EBITDA (earnings before interest expenses, taxes, depreciation and amortization): Earnings before I tricked the dumb auditor.
EBIT (earnings before interest expenses and taxes): Earnings before irregularities and tampering.
If dropping “ebitda” into cocktail party conversation makes you feel like a globetrotting financier, there is something you should know. It makes you sound like a MBA twit-clone with a Hermès tie and two brain cells. A fuzzy proxy for cash flow, ebitda (for the uninitiated, earnings before interest, tax, depreciation and amortisation) is the unit that investors and analysts reflexively use to talk about profit. (And what else do they talk about? Property?) It can mislead – but shouldn’t be abandoned.
The elegance of ebitda is that it comes straight off the income statement, and very high up on it where it should be purest. Coming ahead of interest expense, it is capital structure agnostic, and takes out recurring non-cash charges, too. But relying on the income statement alone ignores critical uses of cash that appear elsewhere – capital spending, changes in working capital, deferred revenue. Free cash flow captures these, but requires turning to another page of the financial report and is hard to forecast as it depends on the timing of payments. But in telecoms where capex is massive, in retail where inventories oscillate, or in software where revenue recognition is key, ebitda misses too much. (more…)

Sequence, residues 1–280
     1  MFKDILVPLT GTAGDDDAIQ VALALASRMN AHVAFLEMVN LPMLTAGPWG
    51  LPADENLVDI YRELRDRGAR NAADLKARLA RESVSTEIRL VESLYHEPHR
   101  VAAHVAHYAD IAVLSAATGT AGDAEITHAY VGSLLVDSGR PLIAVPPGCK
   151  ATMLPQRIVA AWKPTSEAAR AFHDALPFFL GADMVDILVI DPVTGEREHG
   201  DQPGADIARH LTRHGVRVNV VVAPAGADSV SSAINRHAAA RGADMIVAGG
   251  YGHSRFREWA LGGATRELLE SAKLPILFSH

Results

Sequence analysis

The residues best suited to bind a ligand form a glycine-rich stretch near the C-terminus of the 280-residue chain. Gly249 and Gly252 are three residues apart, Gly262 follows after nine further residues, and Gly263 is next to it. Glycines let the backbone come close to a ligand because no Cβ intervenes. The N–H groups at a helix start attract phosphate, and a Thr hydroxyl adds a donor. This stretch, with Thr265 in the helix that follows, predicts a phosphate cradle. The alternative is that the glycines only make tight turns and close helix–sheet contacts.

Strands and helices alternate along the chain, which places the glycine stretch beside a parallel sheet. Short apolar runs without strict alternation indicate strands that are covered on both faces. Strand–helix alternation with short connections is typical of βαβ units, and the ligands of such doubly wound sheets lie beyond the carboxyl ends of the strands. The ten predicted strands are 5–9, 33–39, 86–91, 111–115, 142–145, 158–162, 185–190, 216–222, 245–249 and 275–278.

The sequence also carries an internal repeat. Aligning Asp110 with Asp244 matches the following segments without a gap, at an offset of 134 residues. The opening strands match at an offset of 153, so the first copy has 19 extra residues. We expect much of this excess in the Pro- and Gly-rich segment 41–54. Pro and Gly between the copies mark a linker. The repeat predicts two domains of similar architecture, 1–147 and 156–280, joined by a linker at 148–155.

“We’ll (Berkshire Hathaway [BRK.A][BRK.B]) never buy a company when the managers talk about EBITDA. There are more frauds talking about EBITDA. That term has never appeared in the annual reports of companies like Walmart (WMT), General Electric (GE) or Microsoft(MSFT). The fraudsters are trying to con you or they’re trying to con themselves. Interest and taxes are real expenses. Depreciation is the worst kind of expense: You buy an asset first and then pay a deduction, and you don’t get the tax benefit until you start making money. We have found that many of the crooks look like crooks. They are usually people that tell you things that are too good to be true. They have a smell about them.”